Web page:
German Chancellor Angela Merkel will wind up her work week flying to Athens this Friday. Much of Greece sees as this a symbolic visit to encourage it to carry through on promised austerity reforms.
Eurozone finance ministers recently approved 8.3 billion euros in rescue loans for Athens.
The last time Merkel was here was a year and a half ago, and stones and petrol bombs flew in the streets, thrown by Greeks angry that their country had run out of money and was facing painful restructuring.
With strikes and other social unrest continuing, their country is trying to get back, finally, into the international bond market.
Economist Panayotis Petrakis said: “The Greek economy’s great achievement since the Chancellor was here before has been producing a primary surplus during a recession. This means lower expenses for borrowing, but at the cost of higher unemployment. I think the country’s greatest achievement is the endurance of its people.”
Four years ago, Greece became the first eurozone country to get a bail-out.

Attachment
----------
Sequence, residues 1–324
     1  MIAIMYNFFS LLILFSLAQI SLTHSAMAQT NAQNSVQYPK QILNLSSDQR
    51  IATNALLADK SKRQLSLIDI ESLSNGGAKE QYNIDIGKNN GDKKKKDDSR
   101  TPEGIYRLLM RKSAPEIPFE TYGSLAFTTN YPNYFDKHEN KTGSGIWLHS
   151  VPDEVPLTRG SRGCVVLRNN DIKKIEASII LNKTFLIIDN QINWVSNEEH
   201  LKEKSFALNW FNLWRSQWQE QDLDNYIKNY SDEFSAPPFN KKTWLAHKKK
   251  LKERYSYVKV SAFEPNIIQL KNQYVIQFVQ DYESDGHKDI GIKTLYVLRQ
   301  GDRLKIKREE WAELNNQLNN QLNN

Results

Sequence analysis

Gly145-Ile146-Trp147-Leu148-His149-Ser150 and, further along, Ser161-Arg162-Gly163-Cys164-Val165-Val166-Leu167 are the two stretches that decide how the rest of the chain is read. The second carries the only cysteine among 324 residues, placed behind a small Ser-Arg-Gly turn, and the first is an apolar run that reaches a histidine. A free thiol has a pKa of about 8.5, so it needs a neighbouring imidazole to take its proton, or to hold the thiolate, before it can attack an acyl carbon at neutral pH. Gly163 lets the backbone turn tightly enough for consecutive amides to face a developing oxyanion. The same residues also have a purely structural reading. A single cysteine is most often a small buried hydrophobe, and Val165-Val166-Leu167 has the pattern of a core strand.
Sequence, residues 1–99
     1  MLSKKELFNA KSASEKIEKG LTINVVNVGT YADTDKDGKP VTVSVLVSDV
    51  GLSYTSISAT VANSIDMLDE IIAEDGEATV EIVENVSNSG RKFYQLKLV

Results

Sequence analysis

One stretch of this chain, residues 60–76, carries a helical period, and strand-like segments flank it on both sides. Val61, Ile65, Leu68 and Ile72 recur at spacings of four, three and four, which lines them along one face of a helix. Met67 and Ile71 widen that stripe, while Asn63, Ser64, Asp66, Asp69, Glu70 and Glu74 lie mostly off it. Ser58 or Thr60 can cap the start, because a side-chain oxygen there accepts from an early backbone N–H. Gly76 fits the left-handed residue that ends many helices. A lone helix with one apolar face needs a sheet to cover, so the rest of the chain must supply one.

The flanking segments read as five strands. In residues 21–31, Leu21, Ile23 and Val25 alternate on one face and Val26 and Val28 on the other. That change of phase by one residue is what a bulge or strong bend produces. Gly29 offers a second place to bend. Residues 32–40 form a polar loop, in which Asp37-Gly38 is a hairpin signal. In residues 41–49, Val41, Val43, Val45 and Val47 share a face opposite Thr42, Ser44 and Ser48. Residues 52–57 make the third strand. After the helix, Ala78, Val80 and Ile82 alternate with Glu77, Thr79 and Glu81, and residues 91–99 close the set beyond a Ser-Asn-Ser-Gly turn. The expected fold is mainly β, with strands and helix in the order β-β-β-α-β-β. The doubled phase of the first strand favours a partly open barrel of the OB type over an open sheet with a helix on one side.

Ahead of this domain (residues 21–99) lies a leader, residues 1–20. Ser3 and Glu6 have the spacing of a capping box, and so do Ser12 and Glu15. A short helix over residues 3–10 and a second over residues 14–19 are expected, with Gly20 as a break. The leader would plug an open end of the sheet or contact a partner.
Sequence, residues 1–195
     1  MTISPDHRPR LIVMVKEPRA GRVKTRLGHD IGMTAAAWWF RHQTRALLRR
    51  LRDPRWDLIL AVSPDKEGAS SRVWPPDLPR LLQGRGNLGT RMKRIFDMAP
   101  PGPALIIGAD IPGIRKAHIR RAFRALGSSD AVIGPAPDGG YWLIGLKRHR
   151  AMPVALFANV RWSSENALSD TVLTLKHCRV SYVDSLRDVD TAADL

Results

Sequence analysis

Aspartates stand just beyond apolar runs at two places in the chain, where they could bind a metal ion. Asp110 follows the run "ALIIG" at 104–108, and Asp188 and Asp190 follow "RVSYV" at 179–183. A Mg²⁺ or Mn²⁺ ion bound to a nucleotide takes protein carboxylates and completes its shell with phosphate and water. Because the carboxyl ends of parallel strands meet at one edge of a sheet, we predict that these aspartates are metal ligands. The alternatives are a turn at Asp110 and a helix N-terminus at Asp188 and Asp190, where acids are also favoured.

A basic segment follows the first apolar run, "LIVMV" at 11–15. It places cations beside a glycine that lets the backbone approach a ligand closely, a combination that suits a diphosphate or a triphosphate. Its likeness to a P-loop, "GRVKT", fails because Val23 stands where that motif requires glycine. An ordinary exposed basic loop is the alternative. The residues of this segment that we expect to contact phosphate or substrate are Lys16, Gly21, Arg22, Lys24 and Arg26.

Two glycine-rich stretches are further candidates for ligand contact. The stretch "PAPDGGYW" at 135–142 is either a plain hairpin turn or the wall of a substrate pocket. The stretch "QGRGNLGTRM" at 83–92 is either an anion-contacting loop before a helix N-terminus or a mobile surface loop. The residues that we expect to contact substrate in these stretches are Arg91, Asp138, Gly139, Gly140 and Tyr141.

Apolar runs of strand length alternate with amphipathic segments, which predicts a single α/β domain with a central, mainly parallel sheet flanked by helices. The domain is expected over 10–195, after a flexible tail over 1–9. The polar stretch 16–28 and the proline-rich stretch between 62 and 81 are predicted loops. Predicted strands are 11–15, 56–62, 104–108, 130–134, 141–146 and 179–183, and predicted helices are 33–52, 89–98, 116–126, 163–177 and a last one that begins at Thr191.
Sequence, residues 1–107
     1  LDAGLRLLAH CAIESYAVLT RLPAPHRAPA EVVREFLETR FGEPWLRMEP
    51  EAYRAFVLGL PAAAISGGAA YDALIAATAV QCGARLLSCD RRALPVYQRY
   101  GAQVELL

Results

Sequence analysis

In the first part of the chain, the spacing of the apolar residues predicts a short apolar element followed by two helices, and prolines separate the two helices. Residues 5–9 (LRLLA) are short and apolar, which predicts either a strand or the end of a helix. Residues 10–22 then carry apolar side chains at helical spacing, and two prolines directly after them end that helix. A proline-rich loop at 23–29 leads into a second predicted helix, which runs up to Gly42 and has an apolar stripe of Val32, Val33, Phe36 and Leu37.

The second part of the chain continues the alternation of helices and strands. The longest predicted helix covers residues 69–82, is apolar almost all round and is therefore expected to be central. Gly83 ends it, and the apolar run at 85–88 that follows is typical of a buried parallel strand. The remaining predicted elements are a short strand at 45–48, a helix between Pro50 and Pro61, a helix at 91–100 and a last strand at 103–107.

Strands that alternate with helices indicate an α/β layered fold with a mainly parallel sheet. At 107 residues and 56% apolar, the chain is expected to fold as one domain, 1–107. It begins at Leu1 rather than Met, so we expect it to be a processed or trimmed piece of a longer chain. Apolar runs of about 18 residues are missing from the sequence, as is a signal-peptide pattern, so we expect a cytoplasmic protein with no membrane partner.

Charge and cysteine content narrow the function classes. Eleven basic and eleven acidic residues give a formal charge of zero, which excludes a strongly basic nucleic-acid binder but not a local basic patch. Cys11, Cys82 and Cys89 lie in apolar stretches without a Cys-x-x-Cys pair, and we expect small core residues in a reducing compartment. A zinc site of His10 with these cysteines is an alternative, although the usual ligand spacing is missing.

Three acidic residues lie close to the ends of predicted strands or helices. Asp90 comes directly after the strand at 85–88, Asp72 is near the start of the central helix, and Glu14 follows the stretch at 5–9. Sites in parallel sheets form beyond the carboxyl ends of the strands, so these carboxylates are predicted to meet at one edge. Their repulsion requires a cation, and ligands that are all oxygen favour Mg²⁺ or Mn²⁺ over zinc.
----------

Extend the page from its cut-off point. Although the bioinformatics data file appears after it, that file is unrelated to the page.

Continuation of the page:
The conditions hammered jobs, salaries and pensions in the public sector, many services were reduced to a minimum, and thousands of smaller companies closed up shop.
The Greeks were forced to reinvent stoicism.
One elderly Athens resident said: “I thing this visit is good, whether it’s Merkel or any other European leader who comes. She’s here for Greece’s benefit. We got ourselves into this mess.”
However, another Athenian said: “Germany still owes the Greek people huge compensation for World War Two damages.”
For that, Germany paid Greece the equivalent of almost 60 million euros in 1960, and considered that matter closed, but Athens has said it always considered it a first payment.
As for today’s debt business, Berlin has said to forget any new “haircut”.
Our Athens correspondent Giannisis Stamatis said: “The Greeks will get no gifts from Merkel. But her visit shows strong symbolic support for Prime Minister Samaras and his party, ahead of the European Parliament and local government elections that will take place simultaneously in Greece in May.”
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